• by Giant Electronic Bra ( 1229876 ) on Friday September 12, 2014 @06:04PM (#47894147)

    That link about 'myths' of unbundling is horseshit. It fails the basic math test. If everyone was unbundled and only paid for what they watch then we'd have the same number of people watching the same things they watch now. The AGGREGATE money collected in fees would remain the same and it would be distributed proportionately to the same vendors it is now. Nothing would change. The author of that piece of garbage somehow thinks what, that everyone would suddenly be paying $500 a month to watch individual channels???!!! Where would all that extra money go? Man people are stupid sometimes.

    Obviously the Cable Cos. know all of this. They don't want to unbundle because it would cut customer's bills, they don't like it because once you stop having ESPN on your dial you'll forget it exists and pretty soon you'll only be paying for what you actually watch, and if that's cheap shows THEN they really will get a lot less revenue. Beyond that the ad revenue drops because people will just skip ESPN if they only watch it 5 times a year. Indeed, once the customer's start picking what they want to pay for the Cable Co becomes just what it should be, an ISP.

    • by Anonymous Coward

      More likely very heavy TV viewers would pay more because they use more channels. Light viewers would pay less.

    • I would gladly pay the SAME amount if I could literally turn off the channels I don't watch.

      Yes, I KNOW you can disable channels e.g. in a Tivo (IIRC, at least in some cable company boxes, you STILL can't do that simple thing).

      But I mean literally turn them off. Why? I want to give positive reinforcement to ACTUALLY the channels I want, and remove the home shopping & religious channels, even if they are subsidizing part of my bill.. (But I would also be removing some channels that ARE being paid throu

    • Show your work?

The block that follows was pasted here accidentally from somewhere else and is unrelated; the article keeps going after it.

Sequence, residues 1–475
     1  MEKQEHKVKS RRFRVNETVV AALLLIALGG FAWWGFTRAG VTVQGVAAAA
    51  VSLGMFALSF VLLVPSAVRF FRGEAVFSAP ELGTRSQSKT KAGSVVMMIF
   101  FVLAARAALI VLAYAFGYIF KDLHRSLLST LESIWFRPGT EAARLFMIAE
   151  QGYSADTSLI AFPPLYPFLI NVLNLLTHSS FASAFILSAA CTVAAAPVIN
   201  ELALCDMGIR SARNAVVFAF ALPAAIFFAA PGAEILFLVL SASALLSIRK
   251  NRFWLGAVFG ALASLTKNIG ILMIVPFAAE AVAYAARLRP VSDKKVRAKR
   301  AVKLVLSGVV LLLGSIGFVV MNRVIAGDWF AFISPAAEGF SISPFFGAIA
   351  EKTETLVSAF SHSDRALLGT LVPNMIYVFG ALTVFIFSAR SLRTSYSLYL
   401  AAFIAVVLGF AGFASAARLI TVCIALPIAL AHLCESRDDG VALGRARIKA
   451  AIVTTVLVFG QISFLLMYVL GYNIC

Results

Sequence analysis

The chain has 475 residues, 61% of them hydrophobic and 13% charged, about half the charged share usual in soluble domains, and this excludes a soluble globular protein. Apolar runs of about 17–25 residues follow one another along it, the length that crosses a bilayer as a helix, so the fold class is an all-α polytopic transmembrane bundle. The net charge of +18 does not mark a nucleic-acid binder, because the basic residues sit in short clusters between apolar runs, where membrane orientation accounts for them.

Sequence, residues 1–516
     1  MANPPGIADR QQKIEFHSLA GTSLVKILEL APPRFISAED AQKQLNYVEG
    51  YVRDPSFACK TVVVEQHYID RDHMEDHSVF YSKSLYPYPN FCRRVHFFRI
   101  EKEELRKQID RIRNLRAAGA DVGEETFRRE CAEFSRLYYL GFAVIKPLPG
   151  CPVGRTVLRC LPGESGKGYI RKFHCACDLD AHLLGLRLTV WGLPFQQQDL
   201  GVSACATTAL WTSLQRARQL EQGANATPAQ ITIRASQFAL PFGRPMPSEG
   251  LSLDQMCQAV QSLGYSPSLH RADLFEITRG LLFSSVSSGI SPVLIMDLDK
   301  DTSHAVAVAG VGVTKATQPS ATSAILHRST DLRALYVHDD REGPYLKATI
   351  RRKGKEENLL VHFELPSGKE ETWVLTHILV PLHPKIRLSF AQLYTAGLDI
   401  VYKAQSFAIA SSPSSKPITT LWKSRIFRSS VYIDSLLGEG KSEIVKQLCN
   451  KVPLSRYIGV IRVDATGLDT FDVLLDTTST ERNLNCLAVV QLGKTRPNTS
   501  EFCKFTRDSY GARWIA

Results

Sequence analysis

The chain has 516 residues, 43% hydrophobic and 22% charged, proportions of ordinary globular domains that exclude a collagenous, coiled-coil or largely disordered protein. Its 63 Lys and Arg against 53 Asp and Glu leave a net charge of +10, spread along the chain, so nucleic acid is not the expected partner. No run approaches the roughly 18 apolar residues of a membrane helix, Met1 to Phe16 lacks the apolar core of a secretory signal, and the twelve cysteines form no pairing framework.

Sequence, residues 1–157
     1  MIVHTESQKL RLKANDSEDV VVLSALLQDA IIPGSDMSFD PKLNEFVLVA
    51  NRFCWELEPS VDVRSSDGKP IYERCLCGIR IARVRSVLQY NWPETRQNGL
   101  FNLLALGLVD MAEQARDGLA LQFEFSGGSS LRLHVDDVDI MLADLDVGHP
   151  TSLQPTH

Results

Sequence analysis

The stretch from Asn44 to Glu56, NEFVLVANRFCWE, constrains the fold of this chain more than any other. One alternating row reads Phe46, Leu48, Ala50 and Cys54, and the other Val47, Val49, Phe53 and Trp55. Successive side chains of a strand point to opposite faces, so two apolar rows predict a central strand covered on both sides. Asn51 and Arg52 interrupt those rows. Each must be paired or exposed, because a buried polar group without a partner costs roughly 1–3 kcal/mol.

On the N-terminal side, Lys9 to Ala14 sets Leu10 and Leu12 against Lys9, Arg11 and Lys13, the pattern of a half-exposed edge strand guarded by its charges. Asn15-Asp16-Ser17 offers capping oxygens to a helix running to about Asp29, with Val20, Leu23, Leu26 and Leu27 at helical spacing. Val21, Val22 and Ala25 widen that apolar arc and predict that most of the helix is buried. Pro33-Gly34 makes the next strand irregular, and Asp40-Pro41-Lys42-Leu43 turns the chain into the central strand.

I'm not wasting time proving you wrong if you have put zero effort in.

      Start with any article on blackouts due to pricing disagreements, and work your way up.

  • by Anonymous Coward

    I don't want "channels" I want shows and movies. That's the real future.

    • by Anonymous Coward

      And I want a toilet seat made out of gold. What is your point?

    • I believe that the boat for à la carte channel lineups has already sailed. Back during the 1990s when digital cable and mini-sat were starting to hit their prime, à la carte channel lineups would have been cutting edge.

      But technology has since moved forward, and à la carte programming is now a mature market. Services like Netflix, Hulu, Prime and the like give you access to individual shows at any time. And you now have an entire generation that has been raised with DVRs, PPV and BitTorren

  • Not really true? (Score:5, Interesting)

    by TopSpin ( 753 ) on Friday September 12, 2014 @06:08PM (#47894175) Journal

    The link that supposedly refutes the argument that people are paying for things they wouldn't otherwise pay for doesn't actually refute anything. Rather, it characterizes the current situation as "socialism"; "Cable TV is socialism that works."

    I do not want to contribute to ESPN. Nor the myrid "shopping" channels. Or the "Christian" networks. Or any of the other dreck that pollutes this world. Even if that means the things I do want aren't as well subsidized for the lack of fuhtbawl knuckle-heads.

    Whatever.... I can't remember how long ago it was that I last paid a cable bill. My vote has been cast. Join me and cut these bloodsuckers off. You won't miss it.

    • Agreed. Right now I have no good way to vote down the oodles of crap channels, or to really vote up my tastes. Worse yet, the price keeps going up faster than my paycheck inflation. So we dropped it and have no regrets. We watch less total TV, and pay vastly less to get the handful of shows we actually want. Sadly Hulu still has ads, and I am getting close to dropping it too.

      I am fine with some bundling, but really want to some option to be able to defund ESPN, QVC, Christian Blab, "History" Channel, T

    • The link read a lot like Cable Company Astroturfing, trying to obfuscate the issue. Its really quite simple, that when you pay for a bundle, your money is going to fund channels many of which you utterly despise and which you do not want to have any part in supporting. The problem is, you can't get the channels you might want unless you pay for the ones you dont.

  • Who watches TV these days.

    • Who watches TV these days.

      Most nights when people are watching TV I'm out walking the dog. Judging by the number of TVs I see glowing in everyone's living rooms as I walk by, I'd say a lot of people are still watching TV these days.

    • Who watches TV these days.

      Old people.

      A cohort of TV viewers die every day and are not replaced by younger ones.

  • Now that people aren't watching live television, probably aren't even watching *television*, and don't use television as the delivery method for their entertainment and are dropping cable, they want to roll out a la carte?

    Thanks, but it's not 1999-2003, anymore. You need to deliver the content I want, when I want it, on whatever device I want it, through whatever delivery method I want it, for a very reasonable price. Cable subscriptions, live television, and television-bound viewing is something I ditched